SC enforces Bharat Stage IV emission norms, 8 lakh vehicles to go unsold
The Supreme Court on Wednesday banned the sales of all vehicles not complying with Bharat Stage IV (BS IV) emission norms with effect from 1 April 2017.
With this decision, no Bharat Stage III (BS III) vehicles can be sold anymore. An estimated eight lakh BS-III complaint vehicles are ready for sale across the country, which include cars, two wheelers and heavy vehicles.
The Supreme Court ruling came on an appeal by the Environment Pollution Control Authority (EPCA) which sought to implement only BS IV norms. “Public health is more important than commercial interests,” a bench of Justices Madan B Lokur and Deepak Gupta said while handing down the verdict.
The verdict also negated the Central government's plea that the unsold stock of about eight lakh vehicles with BS III norms might be permitted to be sold.
The EPCA argued that BS IV vehicles have 80% lower particulate emissions, and a committee headed by retired bureaucrat Bhure Lal had recommended this new norm.
The apex court, however, allowed vehicles with BS III norms, sold before 31 March to ply. It negated the argument of the Society of Indian Automobile Manufacturers (SIAM) on the grounds that no manufacturer paid heed to the notification. Instead, they woke up only when the deadline came closer. According to SIAM, the manufacturers will suffer an estimated loss of Rs 30,000-40,000 crore.
According to data from the Federation of Automobile Dealers Associations (FADA), about 20,000 dealers would be affected by this decision.
The manufacturers were in fact allowed to sell BS III norms vehicles between 2005-2010, with the BS IV norms coming into force only from 1 April 2017. However, they continued to manufacture as per the old norms, oblivious of the new notification.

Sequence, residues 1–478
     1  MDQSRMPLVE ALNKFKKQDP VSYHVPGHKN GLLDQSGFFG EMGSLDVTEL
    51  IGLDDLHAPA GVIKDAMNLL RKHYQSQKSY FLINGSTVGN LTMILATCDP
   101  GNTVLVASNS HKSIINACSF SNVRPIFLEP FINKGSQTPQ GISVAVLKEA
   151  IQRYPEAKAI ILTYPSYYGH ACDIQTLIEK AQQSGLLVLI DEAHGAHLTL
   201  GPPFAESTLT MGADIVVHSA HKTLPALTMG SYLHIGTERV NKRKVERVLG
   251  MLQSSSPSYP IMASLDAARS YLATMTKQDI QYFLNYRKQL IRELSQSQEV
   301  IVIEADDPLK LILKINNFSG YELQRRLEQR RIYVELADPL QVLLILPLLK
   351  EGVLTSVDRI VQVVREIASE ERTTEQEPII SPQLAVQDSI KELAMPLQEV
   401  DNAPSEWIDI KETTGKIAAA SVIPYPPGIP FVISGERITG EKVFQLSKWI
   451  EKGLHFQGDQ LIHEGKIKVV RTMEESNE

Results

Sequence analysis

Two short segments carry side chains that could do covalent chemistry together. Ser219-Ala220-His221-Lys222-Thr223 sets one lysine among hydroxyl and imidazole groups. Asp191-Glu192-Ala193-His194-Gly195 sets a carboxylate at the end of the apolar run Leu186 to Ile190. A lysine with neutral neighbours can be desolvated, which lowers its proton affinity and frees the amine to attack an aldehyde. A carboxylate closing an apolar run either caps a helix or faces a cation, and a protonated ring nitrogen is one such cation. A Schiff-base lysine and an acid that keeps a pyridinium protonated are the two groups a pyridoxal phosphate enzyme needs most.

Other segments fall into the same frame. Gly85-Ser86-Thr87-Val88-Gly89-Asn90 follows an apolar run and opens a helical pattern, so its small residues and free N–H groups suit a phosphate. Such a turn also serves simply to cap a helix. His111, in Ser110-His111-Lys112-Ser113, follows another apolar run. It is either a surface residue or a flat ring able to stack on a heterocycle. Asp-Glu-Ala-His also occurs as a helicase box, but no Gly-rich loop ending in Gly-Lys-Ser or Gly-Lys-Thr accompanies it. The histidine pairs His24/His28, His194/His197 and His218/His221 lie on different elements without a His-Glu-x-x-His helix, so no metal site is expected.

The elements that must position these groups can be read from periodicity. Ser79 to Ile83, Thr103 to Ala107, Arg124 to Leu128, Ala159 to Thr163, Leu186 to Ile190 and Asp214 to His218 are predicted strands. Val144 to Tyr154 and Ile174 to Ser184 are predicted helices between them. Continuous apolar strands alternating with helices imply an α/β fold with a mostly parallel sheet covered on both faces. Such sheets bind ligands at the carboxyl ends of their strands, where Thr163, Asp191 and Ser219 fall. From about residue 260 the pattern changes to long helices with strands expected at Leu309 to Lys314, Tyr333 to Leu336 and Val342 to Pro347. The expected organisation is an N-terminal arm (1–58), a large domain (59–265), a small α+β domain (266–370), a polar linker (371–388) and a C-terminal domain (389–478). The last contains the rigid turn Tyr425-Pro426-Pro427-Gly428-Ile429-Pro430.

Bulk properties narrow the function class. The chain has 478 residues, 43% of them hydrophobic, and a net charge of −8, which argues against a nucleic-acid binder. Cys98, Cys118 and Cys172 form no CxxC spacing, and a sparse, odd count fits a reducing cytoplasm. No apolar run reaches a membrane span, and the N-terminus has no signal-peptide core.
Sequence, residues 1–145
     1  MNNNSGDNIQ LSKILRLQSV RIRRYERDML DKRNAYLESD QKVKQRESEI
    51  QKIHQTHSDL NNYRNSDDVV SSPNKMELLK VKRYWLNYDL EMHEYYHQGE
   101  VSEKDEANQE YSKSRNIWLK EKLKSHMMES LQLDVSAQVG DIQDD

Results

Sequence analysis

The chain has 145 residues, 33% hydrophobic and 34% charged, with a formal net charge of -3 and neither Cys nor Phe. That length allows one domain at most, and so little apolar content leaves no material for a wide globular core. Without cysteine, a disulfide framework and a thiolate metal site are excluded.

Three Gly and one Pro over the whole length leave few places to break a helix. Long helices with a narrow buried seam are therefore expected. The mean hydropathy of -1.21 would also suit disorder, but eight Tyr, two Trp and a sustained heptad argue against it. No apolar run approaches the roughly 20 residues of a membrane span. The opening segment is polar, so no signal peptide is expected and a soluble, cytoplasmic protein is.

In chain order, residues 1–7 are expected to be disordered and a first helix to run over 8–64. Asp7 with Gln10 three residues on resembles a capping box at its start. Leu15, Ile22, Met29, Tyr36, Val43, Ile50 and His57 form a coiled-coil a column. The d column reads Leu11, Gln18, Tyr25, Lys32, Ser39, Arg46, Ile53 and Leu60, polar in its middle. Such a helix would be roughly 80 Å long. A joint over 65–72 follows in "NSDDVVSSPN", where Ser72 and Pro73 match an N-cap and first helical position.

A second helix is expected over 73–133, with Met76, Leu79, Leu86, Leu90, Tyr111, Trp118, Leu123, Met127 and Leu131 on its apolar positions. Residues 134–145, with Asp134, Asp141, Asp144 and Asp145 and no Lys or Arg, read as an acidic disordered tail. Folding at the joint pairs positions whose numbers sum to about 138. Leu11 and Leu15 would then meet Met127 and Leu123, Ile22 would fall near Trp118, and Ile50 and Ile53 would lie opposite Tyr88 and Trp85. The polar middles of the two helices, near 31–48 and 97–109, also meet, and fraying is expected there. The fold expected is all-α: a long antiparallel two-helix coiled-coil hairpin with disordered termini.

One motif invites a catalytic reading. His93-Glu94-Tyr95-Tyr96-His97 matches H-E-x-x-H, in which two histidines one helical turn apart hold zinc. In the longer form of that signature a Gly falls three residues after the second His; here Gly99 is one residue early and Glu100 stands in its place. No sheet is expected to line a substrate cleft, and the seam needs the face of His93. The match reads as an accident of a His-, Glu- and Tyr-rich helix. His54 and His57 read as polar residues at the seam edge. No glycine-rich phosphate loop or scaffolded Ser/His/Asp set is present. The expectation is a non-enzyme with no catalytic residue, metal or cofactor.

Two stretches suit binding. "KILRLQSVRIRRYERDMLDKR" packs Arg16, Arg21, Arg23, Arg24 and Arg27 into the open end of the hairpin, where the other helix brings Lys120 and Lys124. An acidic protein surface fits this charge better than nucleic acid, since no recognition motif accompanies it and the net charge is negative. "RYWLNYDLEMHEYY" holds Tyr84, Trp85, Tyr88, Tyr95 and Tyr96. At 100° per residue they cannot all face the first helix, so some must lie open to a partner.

Lacuna in the notification
Earlier, senior counsel Harish Salve, who is amicus curiae ('friend of the court' appointed by the court itself to assist in important cases), supported the BS IV norms, contending that the notification was clear about the ban on sale of BS III norm vehicles and sufficient time was already given to the manufacturers. However, the automobile industry did not take any action in the matter and continued manufacturing BS III vehicles.
SIAM, on the other hand, contending that the notification allowed them to manufacture BS III vehicles till 31 March 2017, and therefore, time should be given to sell the existing stock at least.
But the EPCA, way back in October 2016, had made it clear that the sale or registration of any vehicle without BS IV norms would not be allowed from 1 April 2017.
The Union government, too, had earlier made it clear that vehicles not meeting BS IV standards would be barred in the entire country from 1 April 2017.
The lacuna in the notification, as pointed out by the manufacturers, was that the notification made no mention on the sale of the BS III inventory.
History of India's emission regulations
Since the early 2000s, India started adopting European emission and fuel regulations. Euro 1 standards were named India 2000 and introduced at the turn of the millennium, with Euro 2, 3 and 4 standards (renamed Bharat Stage II, III and IV) being imposed nationwide in 2005, 2010 and 2016 respectively.
However, the implementation of BS IV was temporarily stalled with the challenge in the court. Now that the verdict has cleared its path, BS IV will be the new norm for the next three years.
An expert committee has now decided to skip Euro 5 (BS V) standards entirely, and go straight to Euro 6 (BS VI) standards in 2020.
The Planning Commission had established an expert committee in 2013, which drafted an Auto Fuel Vision and Policy 2025, published in 2014.